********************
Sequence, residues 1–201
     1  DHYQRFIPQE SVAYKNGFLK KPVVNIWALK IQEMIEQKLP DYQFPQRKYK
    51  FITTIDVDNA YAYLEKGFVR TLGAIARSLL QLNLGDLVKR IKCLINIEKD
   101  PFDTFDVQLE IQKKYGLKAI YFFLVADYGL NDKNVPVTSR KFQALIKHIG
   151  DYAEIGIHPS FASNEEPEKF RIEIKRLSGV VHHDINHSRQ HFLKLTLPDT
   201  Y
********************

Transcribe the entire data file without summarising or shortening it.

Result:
Sequence, residues 1–201
     1  DHYQRFIPQE SVAYKNGFLK KPVVNIWALK IQEMIEQKLP DYQFPQRKYK
    51  FITTIDVDNA YAYLEKGFVR TLGAIARSLL QLNLGDLVKR IKCLINIEKD
   101  PFDTFDVQLE IQKKYGLKAI YFFLVADYGL NDKNVPVTSR KFQALIKHIG
   151  DYAEIGIHPS FASNEEPEKF RIEIKRLSGV VHHDINHSRQ HFLKLTLPDT
   201  Y